7 great habits for working from home

Working from home is a great gig if you can get it. There’s no commute, no irritating colleagues to deal with every day and no fighting for a car park or a clean fork at lunchtime.

Even though working from home has serious perks there are also drawbacks that need consideration. Most people work more efficiently when they’re being monitored and it can be very difficult to work effectively in your own home when there’s a bathroom that needs cleaning and washing that needs folding. Working from home effectively is totally achievable, you just need to develop some good home habits.

1. Be properly dressed for the duration of your work day

Although you don’t technically need to get dressed to work from home, psychologically it’s better to get properly dressed, rather than sit around in your pyjamas all day. It also creates a mental barrier between work and rest time. If you try to work in the same clothes you sleep in, your brain won’t get the cue that it’s time to work.

2. Schedule check in times with your colleagues

This is a particularly excellent habit for people who struggle to stay on task. Organise a time to check in with a colleague once in the morning and once in the afternoon. If you let your colleague know what you hope to achieve during your morning meeting and then let them know how you went in your afternoon meeting, it will keep you on track for the work day. You’re more likely to do your work if you have to report to someone at the end of the day.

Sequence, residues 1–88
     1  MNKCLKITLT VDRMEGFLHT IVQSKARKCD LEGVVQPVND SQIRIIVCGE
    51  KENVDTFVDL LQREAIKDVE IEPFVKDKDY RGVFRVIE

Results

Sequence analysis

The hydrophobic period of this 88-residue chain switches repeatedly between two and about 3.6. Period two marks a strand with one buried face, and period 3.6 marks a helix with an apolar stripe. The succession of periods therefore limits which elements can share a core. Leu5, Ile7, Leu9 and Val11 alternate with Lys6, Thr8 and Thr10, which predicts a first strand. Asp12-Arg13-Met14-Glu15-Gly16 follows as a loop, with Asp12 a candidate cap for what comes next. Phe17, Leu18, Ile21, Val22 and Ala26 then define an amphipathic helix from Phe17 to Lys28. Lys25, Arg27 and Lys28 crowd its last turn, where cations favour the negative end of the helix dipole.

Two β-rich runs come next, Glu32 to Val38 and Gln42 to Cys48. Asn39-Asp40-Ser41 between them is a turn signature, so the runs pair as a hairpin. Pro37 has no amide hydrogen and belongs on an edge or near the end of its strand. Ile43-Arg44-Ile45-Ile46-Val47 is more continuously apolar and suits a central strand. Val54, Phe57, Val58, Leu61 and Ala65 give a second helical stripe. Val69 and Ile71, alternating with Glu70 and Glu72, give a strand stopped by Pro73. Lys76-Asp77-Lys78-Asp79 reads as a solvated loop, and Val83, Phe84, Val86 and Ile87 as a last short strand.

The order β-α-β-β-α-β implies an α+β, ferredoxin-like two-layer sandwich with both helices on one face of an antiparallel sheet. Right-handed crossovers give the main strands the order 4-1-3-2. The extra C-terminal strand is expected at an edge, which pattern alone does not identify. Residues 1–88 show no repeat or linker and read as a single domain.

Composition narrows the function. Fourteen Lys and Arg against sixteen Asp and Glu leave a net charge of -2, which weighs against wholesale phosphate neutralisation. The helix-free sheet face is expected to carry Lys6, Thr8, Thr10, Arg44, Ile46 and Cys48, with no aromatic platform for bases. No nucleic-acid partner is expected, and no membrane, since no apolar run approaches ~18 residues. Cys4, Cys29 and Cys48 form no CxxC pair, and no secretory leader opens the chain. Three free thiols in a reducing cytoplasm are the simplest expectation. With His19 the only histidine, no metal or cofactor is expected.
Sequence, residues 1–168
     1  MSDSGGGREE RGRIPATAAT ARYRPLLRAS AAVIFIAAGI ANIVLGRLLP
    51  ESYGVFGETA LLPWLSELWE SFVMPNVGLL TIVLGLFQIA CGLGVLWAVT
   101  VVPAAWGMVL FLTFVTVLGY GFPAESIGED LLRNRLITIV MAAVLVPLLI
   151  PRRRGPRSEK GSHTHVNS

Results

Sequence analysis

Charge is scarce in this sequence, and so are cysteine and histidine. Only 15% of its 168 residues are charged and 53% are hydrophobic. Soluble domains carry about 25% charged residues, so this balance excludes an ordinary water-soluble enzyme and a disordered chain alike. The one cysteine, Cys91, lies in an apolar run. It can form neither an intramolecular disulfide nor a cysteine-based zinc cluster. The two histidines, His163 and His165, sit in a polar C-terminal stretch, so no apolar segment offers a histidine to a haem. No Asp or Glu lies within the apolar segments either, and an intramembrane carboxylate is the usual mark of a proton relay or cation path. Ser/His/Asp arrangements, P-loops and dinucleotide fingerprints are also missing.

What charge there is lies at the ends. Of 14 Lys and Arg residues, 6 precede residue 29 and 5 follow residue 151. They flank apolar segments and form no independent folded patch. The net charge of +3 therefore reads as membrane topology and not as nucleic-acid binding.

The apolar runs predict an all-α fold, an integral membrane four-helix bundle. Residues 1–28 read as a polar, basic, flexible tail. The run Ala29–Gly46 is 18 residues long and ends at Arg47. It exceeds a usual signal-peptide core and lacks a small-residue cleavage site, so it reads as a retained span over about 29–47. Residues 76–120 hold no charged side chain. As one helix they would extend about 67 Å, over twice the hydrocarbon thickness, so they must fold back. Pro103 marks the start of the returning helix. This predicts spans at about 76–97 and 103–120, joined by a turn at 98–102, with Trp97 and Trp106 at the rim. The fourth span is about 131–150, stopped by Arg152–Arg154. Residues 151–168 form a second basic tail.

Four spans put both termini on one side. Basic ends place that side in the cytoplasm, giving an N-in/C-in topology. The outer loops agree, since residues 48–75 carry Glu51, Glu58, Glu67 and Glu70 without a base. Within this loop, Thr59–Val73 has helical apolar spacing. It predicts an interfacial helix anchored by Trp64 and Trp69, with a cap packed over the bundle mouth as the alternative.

Pros and cons: Home or traditional office

3. Manage your energy

Walking the dog, Merri Creek Trail


Managing your time is great but managing your energy is more important. People who work in offices tend to do more incidental exercise than people who work from home. Walking from the car or public transport to the office, walking around a large commercial building, making short trips to the post office or ducking down the road for a coffee. People who work from home don’t tend to have these physical breaks so they need to be created.

Make sure you get up and move around at least once every hour and maybe even walk around the block. If you spend all day in the same small room, you’ll mentally and physically exhaust yourself.

People who work in offices tend to do more incidental exercise.

4. Leave your house at least once a day

You need to separate your work life from your home life and it’s very difficult to do that if you don’t leave your house. Go for a walk, go grocery shopping, go to the gym, just go somewhere. You need be very disciplined about leaving your house every day.

Staying healthy: Working from home without losing the plot

5. Time your breaks

Computer and a cup of tea on a table


For people who work from home, taking sufficient breaks is a common problem. It’s easy to clock off for a lunch break and accidentally spend the whole time vacuuming the floor or cleaning up the kitchen. You need to set a timer for at least 30 minutes and have a proper break. Take the time to eat your lunch and do an activity that is not work or housework related. It’s important to set the timer so you don’t cut yourself short.

Set a timer for at least 30 minutes and have a proper break.

6. Log your time

This is a great way to hold yourself accountable for the time you spend working at home. Set a timer when you start your work day and stop the timer every time you get distracted by social media, email or housework. It can be very easy to waste a lot of time working from home so you should to keep yourself accountable.

Good practice: Clocking off in the home office

7. Set rewards for goal completion

If you want to make yourself a cup of tea or have a snack, set yourself a goal that has to be completed before you allow yourself a break. Say you have to reply to three emails, finish one more paragraph or do another 15 minutes on your current task. It’s a great way to keep you motivated and tick of little tasks you’ve been procrastinating on.